WADA back USADA sanctions
The World Anti-Doping Agency has confirmed they will not appeal against the United States Anti-Doping Agency's sanctions against Lance Armstrong.
USADA recommended that all Armstrong's results from August 1, 1998 were expunged from the record books, including his seven consecutive Tour de France wins from 1999 to 2005, as well as handing the 41-year-old a life ban from cycling.
The International Cycling Union (UCI) last week ratified the sanctions imposed by USADA, who concluded Armstrong and his United States Postal Service team ran "the most sophisticated, professionalised and successful doping programme that sport has ever seen".
WADA President John Fahey said: "WADA has no such concerns as to the complete process and the overwhelming weight of evidence. Rather it is of the opinion that the actions of USADA have highlighted the need in all cases for athletes to be able to come forward with evidence that will help rid sport of doping cheats."
Fahey added: "It is important that there now be genuine independence and a complete examination of the scenario, with a panel that has full powers of inquiry and access to all required evidence and information.
"Only with the necessary independence and terms of reference will the inquiry be able to properly address the systemic culture of doping that was allowed to develop in cycling during this time.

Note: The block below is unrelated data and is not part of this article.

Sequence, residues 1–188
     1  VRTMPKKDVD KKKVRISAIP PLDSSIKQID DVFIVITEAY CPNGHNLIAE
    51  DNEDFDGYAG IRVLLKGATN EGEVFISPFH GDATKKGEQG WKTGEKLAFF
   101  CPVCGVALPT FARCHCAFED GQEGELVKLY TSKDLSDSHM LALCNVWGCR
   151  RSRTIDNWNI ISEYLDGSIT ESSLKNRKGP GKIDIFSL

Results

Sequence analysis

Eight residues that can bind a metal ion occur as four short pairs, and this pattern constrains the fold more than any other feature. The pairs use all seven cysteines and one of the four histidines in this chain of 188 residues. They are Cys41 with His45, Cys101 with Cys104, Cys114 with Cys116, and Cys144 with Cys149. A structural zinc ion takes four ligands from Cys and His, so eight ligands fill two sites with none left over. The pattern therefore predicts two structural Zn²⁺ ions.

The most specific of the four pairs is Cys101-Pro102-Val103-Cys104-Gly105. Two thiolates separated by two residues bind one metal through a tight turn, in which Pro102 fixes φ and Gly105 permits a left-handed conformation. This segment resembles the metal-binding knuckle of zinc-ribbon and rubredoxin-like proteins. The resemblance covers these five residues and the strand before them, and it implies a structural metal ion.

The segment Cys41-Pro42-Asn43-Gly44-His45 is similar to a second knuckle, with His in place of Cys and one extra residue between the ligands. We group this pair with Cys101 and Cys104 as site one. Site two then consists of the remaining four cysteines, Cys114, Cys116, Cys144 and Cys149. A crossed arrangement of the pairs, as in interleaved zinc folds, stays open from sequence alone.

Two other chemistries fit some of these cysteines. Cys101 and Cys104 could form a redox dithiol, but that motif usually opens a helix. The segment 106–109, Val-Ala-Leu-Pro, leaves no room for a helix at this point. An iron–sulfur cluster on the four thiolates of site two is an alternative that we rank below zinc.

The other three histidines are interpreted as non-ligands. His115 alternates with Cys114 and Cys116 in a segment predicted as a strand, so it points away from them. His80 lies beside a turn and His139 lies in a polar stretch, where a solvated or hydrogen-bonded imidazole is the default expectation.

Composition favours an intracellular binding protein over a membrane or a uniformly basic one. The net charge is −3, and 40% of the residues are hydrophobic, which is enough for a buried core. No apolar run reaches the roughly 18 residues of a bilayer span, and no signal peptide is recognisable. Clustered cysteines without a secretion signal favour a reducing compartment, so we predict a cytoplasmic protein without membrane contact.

"WADA has had no communication from the UCI with regards to their upcoming inquiry, nor indeed the Armstrong reasoned decision, nor the UCI Management decisions. WADA will want to contribute to the inquiry if it is established and resourced beyond reproach.
"This is not a situation in which just because the athlete did not return a positive test there was nothing more the governing body of cycling could do. It has taken a major effort and undertaking from a national anti-doping organisation to gather the compelling evidence following allegations raised by Floyd Landis in 2010.
"This case has resulted in a right and proper sanction for the athlete in question and has served as a revelation to the world of sport. For this USADA must be applauded."
It was confirmed on Thursday that the International Olympic Committee had opened their own investigation into Armstrong, with the possible result of the rider being stripped of the bronze medal he won at the Sydney Games in 2000.